The economic arguments in favor of legalizing pot are no hallucination. Forecasting firm IHS Global Insight reports that Washington state could pull down nearly $2 billion in additional revenue over five years, through fees on licenses granted to pot providers. Colorado, which would manage pot sales differently, could earn about $342 million from excise taxes over five years. In a tough economy, with voters staunchly opposed to most new taxes, that’s a meaningful amount of revenue.Will Pot Be the Next Obama Stimulus Plan? (via usnews)
…the commitment he made to the people of Georgia was not to me, it was a written commitment to the people of Georgia that he would go to Washington to reduce government spending, and reform government, not raise taxes. If he wants to change his mind and become a tax increaser, so we don’t have to reform government, he needs to have that conversation with the people of Georgia.Anti-tax activist Grover Norquist • Responding to remarks we mentioned yesterday by Georgia’s Senator Saxby Chambliss. Chambliss made it clear he won’t be constrained on tax negotiations, even though he signed Norquist’s infamous pledge, to never raise taxes, decades ago. The above was Norquist’s testy response, delivered to Joe Johns on CNN. That he’d try to chasten Chambliss by reminding him of potential political risk is no surprise, considering the stakes — the GOP begins turning its back on the pledge during upcoming “fiscal cliff” negotiations could shatter the keystone of Norquist’s influence and relevance in Washington. source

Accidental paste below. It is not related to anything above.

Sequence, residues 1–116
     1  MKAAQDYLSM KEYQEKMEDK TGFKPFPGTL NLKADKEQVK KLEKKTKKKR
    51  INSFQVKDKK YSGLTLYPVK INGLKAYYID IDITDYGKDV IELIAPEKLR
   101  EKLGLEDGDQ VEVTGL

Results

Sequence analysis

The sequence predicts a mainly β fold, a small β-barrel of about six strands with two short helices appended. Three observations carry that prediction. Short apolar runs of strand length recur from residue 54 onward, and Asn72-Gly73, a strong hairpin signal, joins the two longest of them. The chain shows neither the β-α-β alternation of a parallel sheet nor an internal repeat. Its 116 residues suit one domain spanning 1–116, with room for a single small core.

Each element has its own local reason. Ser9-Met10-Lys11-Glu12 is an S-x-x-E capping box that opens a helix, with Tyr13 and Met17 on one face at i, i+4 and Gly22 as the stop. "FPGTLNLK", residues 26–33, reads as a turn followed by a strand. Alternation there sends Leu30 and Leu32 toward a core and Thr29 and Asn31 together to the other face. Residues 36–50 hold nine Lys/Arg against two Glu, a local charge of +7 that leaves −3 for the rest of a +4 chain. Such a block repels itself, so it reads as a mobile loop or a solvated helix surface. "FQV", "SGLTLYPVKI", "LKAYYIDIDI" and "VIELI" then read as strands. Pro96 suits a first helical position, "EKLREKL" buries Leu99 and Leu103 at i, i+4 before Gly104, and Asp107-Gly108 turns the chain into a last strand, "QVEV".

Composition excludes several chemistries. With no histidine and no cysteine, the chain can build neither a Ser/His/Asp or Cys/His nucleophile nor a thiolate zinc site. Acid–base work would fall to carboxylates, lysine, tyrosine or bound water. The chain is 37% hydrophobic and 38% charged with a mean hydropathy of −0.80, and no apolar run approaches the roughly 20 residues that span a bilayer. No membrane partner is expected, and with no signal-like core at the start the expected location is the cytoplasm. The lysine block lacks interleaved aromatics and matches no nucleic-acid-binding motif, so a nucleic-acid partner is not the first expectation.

I care more about my country than I do about a 20-year-old pledge…I care a lot more about it than I do Grover Norquist.Republican Sen. Saxby Chambliss, breaking ranks with the militant anti-tax wing of his party. 41 senators have signed Norquist’s pledge—which is essentially a promise to never, ever vote for any revenue or tax increase—but while the document used to be Republican orthodoxy, its influence is showing signs of crumbling. Chambliss’ colleagues Lindsey Graham, John McCain, and Tom Coburn have all recently called for Republicans to abandon the pledge, as has former governor Jeb Bush. While Norquist is a very powerful figure in DC, he isn’t an elected official. He derives power solely from Republicans’ decision to grant him power, and if their subservience to his demands goes away, so does the bulk of his political influence. source
I think what grows the economy is that when you get that tax credit that we put in place, your kid can go to college.Barack Obama, on his support for middle-class income tax deductions. So far, both candidates have tried to appeal to the ability of parents and children to afford college, with Romney pledging to grow Pell grants near the start of the evening.
I’m gonna bring rates down across the board, but I’m gonna limit some deductions for people at the high end.Mitt Romney, continuing his pull to the center on deductions and taxation. Romney has called for a 20% tax rate across the board, and has in the past suggested that the mortgage income tax deduction might undergo some new limits.